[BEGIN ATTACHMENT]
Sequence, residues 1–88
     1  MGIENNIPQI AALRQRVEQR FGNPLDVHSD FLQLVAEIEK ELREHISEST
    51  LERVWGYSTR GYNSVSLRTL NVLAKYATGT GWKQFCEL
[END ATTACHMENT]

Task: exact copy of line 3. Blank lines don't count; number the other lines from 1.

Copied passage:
    51  LERVWGYSTR GYNSVSLRTL NVLAKYATGT GWKQFCEL